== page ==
The EU and China signed a "Comprehensive Agreement on Investment (CAI)" at the very end of 2020. It will encourage European investment in the Chinese market, without completely calling into question the “China Plus One” strategy.
On December 30th, 2020, the 7-year-long negotiation of the EU-China Comprehensive Agreement on Investment (CAI) came to a conclusion. Both parties jointly endorsed the agreement. According to the EU, the CAI "will be the most ambitious agreement that China has ever concluded with a third country." This article takes a brief look at the agreement and its potential impact on the adoption of the “China Plus One” strategy.
Overview of the Agreement
According to the EU's press release, Europe’s cumulative foreign direct investment (FDI) flow to China in the past 20 years was over 140 billion euros, decidedly modest given the size of the Chinese market. Chinese FDI in the EU was nearly 120 billion euros. This rather timid bilateral investment sharply contrasts to the large bilateral trade volume, as they are each other’s second largest trading partner(1).
The EU hopes to address the asymmetricity of market access between China and the EU via a formal institution (Figure 1). Under the CAI, EU investors will be granted a more level playing field in the Chinese market for the manufacturing and service sectors, including international maritime transportation services, air transportation-related services, financial services, health services (private hospitals), etc.
Figure 1 - Data source: OECD FDI Restrictiveness Index. 1=closed;0=open
Since the market access commitment in the services sector follows the Most Favoured Nation (MFN) rule, the improved market access that will be granted will be also applicable to non-EU companies, according to an interview given by Sabine Weyand, the director-general of the department of trade of the EU Commission.
EU companies will be likely to obtain more competitive conditions than other foreign investors in the manufacturing sector, where most EU investment goes to China, since the MFN rule does not apply in this field. Three industries are highlighted there: automotive (traditional and new-energy vehicles), production of transportation and health equipment, and production of chemicals, among others. These three sectors together account for more than 60% of the total investments from the EU (Figure 2).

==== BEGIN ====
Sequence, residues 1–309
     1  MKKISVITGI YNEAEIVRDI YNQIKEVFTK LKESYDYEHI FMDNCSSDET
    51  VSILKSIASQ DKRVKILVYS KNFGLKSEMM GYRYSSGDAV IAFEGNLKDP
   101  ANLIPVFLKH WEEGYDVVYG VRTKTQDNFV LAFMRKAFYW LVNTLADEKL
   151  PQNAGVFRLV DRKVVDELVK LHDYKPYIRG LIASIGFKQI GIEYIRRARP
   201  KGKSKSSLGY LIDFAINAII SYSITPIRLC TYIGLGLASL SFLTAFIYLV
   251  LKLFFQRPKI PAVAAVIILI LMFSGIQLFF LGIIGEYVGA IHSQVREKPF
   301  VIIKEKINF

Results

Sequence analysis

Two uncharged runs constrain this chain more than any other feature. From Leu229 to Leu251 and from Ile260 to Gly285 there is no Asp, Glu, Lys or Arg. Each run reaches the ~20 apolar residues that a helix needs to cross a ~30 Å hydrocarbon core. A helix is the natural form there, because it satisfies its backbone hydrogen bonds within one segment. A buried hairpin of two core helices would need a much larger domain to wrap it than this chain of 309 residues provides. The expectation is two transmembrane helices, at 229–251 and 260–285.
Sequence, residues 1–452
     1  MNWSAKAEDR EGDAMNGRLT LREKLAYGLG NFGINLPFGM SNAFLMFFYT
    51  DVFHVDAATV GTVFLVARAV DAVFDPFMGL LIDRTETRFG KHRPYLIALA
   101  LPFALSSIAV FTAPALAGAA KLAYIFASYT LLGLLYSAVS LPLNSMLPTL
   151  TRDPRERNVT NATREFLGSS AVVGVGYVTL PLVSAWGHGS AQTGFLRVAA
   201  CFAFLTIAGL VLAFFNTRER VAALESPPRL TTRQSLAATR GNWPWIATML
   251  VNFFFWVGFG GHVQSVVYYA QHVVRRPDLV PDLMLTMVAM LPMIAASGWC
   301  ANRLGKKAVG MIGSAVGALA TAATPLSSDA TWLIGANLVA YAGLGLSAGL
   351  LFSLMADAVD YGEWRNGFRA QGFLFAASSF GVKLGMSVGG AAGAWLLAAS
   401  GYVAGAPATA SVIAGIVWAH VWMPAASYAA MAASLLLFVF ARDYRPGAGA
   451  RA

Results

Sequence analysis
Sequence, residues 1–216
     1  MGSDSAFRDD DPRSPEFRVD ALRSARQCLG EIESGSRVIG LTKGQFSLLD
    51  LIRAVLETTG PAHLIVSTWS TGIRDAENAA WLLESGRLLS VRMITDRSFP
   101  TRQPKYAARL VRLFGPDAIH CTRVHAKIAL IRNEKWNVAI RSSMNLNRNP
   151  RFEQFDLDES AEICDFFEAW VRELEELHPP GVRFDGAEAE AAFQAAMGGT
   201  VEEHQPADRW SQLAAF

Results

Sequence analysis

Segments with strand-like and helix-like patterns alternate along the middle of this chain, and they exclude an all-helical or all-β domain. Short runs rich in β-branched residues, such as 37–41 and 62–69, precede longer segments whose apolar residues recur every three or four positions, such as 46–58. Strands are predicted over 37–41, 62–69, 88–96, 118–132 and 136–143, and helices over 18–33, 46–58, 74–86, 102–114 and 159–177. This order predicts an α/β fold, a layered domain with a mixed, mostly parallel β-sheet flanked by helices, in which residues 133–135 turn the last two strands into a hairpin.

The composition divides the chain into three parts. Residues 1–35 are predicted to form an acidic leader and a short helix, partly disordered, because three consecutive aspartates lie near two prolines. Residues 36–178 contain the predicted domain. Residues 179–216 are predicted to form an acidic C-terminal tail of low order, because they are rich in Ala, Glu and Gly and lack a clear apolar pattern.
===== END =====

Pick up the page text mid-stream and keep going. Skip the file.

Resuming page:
Figure 2 - Data Source: EU Factsheet of CAI
However, market access commitment in the manufacturing industry in the CAI seems not really to go beyond the 2020 version of the Chinese Negative List for Foreign Investment. Taking the automotive industry as an example, China has already removed from the Negative List the joint-venture restriction for new-energy, commercial and special-purpose motor vehicles and will lift the joint-venture restriction (Chinese shareholding >=50%) on passenger vehicles by 2022. This means that a Chinese automotive market more accessible to all foreign investors by 2022 can be expected. Taking these circumstances into account, to what extent and at what point China will phase out the joint venture requirement for EU automotive manufacturers could affect their competitiveness in the Chinese market when faced with other foreign investors, for instance, Japanese automotive manufacturers, who would be benefiting from the RCEP(2).
Apart from the manufacturing industry, the CAI will also grant the following increased accesses to the Chinese transportation service market:
- International maritime transportation: China will allow investment in the relevant land-based auxiliary activities, enabling EU companies to invest without restriction in cargo-handling, container depots and stations, maritime agencies, etc. This will allow EU companies to organize a full range of multi-modal door-to-door transportation, including the domestic leg of international maritime transportation.
- Air transportation-related services: While the CAI does not address traffic rights because they are subject to separate aviation agreements, China will open up in the key areas of computer reservation systems, ground handling, and sales and marketing services. China has also removed its minimum capital requirement for rental and leasing of aircraft without crew, going beyond GATS.
Enabling land-based auxiliary activities could allow European transportation service providers to better engage in the Chinese multi-modal shipping market, which is the emphasis of the current Chinese transportation policy. However, considering that the transportation sector will follow the MFN rules, EU operators will also need to compete with other non-EU foreign investors in this field.